The official hub for news and stories from Colorado Mesa University
Hidden heroes: WCCC Wildland Fire Management graduates blaze on

“Congratulations, Kyle,” said the proud grandparents of soon-to-be college graduate Kyle O’Brien during a video phone recording. Since the outbreak of COVID-19, schools across the country have either postponed graduation ceremonies or moved them online. Colorado Mesa University (CMU) and Western Colorado Community College (WCCC) gave students the choice — they could either walk in August or participate in a virtual commencement in May. More than 200 students chose to participate virtually and Wildland Fire Management major O’Brien is one of them.  

O’Brien, and the class of 2020, will join the 42,000 Mavericks who came before them and make the transition from student to alumni, and even though O’Brien’s graduation looks a little different than previous yearsit doesn’t take away from the very real workforce he’s going into.  

Pandemic or not, fire season will come but communities can take comfort in knowing Western Colorado Community College’s Wildland Fire Management program blazes on and produces hidden heroes.

According to the U.S. Department of Agriculture, fire seasons are around 80 days longer than they were fifty years ago. In the United States, more than 70,000 communities are at risk from wildfires and nearly 50,000 fires have threatened the nation already this year. In order to combat these disasters, the Wildland Fire Management program at WCCC is teaching and training some of the country’s best wildland firefighters right here in Grand Junction. CMU alumni Ethan Archer was one of them. 

Archer started the Wildland Fire Management program at WCCC when he was just 17 years old. 

“When I finished the initial certification process, I got hired by the fire service as a wildland firefighter the following summer, so with the training I got from my associate degree I was able to go straight to work,” said Archer. 

By working as a wildland firefighter, Archer was able to put himself through college. He received not only an associate degree in Wildland Fire Management from WCCC, but a bachelor’s in environmental science and a minor in biology at Colorado Mesa University. He says working for the Bureau of Land Management (BLM) and the U.S. Forest Service for four years as a wildland firefighter is what shaped him.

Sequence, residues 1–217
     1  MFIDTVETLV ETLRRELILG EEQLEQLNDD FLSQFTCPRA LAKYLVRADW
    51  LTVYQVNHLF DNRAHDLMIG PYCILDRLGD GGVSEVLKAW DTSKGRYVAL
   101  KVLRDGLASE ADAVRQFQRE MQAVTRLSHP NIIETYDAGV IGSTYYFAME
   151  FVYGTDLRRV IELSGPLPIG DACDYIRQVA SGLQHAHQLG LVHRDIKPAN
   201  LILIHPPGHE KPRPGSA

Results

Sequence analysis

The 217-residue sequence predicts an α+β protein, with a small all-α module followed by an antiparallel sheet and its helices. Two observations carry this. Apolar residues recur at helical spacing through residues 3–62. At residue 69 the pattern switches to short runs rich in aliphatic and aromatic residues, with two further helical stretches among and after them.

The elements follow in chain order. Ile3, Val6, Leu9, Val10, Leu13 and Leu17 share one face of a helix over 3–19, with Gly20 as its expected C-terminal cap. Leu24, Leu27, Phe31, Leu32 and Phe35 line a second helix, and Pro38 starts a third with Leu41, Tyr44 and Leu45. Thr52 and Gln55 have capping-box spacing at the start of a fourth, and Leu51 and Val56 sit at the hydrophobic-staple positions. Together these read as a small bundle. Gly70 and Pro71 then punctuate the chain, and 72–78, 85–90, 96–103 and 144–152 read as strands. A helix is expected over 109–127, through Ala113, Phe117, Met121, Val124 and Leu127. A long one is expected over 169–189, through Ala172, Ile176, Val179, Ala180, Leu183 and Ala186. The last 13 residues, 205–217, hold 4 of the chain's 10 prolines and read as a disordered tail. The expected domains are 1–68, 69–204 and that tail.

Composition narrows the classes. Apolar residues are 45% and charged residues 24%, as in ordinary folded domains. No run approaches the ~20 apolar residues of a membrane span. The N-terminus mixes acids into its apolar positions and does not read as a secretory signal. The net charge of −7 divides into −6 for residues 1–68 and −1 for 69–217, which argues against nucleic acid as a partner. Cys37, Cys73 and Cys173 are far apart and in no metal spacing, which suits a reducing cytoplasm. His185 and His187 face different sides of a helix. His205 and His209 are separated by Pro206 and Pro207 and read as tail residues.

“The experience I got is invaluable. Seeing what the environment is like and getting to learn and grow in that fast-paced, high-intensity setting taught me lessons I would’ve never learned otherwise.” 

Archer said firefighting is a team sport, and when they succeed, they do so together. At WCCC he learned teamwork, leadership skills and wildlands training from some of the most qualified, experienced instructors. 

“The program at WCCC is great because it is taught by people who have a vast amount of experience in the field. They know what they’re talking about it and they present the information with fact by experience. The instructors’ skills level definitely contributed to making the transfer from the classroom to the field of operations a smooth one, said Archer.  

Program Director Wildland Fire Management Alison Robb has two bachelor degrees and more than 30 years of experience at the federal level with the BLM, the U.S. Forest Service and the National Park Service. 

Through Robb’s experiences, students learn how important wildland firefighters are and how meaningful the work can be.

“It’s a job that feels like you’re doing something that matters,” said Archer. “It feels like you’re contributing to something that makes a difference and that’s what I love most about it.”  

In addition to being a rewarding career, this field is in constant need of well-trained professionals.  

“There are jobs waiting for them. There is no shortage of wildland fire positions,” said Robb. “Wildfire in our lifetime is not going away.” 

Archer recently moved to structure fire and is now employed by the Grand Junction Fire Department.  

“I’m very much so the rookie again which is not a bag thing, there’s lots to learn. But I will never forget the time I spent on the wildlands crews and I’ll miss it a lot,” said Archer. 

O’Brien and nine other Wildland Fire Management students are scheduled to graduate in 2020. They’ll follow in Archer’s steps and be the hidden heroes we all need.

Categories:

Written by Kelsey Coleman